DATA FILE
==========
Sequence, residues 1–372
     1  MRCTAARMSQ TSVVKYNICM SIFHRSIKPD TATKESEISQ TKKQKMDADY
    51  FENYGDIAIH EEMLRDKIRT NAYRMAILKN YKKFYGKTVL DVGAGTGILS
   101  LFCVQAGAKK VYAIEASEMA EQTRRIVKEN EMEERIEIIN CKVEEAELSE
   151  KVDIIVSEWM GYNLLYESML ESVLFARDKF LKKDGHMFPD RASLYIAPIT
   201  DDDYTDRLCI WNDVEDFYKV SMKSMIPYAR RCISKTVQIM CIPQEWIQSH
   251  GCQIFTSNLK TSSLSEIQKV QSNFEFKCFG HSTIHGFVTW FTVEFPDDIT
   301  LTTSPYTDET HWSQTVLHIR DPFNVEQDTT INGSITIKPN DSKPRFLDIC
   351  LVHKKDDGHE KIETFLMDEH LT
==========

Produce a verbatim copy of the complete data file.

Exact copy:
Sequence, residues 1–372
     1  MRCTAARMSQ TSVVKYNICM SIFHRSIKPD TATKESEISQ TKKQKMDADY
    51  FENYGDIAIH EEMLRDKIRT NAYRMAILKN YKKFYGKTVL DVGAGTGILS
   101  LFCVQAGAKK VYAIEASEMA EQTRRIVKEN EMEERIEIIN CKVEEAELSE
   151  KVDIIVSEWM GYNLLYESML ESVLFARDKF LKKDGHMFPD RASLYIAPIT
   201  DDDYTDRLCI WNDVEDFYKV SMKSMIPYAR RCISKTVQIM CIPQEWIQSH
   251  GCQIFTSNLK TSSLSEIQKV QSNFEFKCFG HSTIHGFVTW FTVEFPDDIT
   301  LTTSPYTDET HWSQTVLHIR DPFNVEQDTT INGSITIKPN DSKPRFLDIC
   351  LVHKKDDGHE KIETFLMDEH LT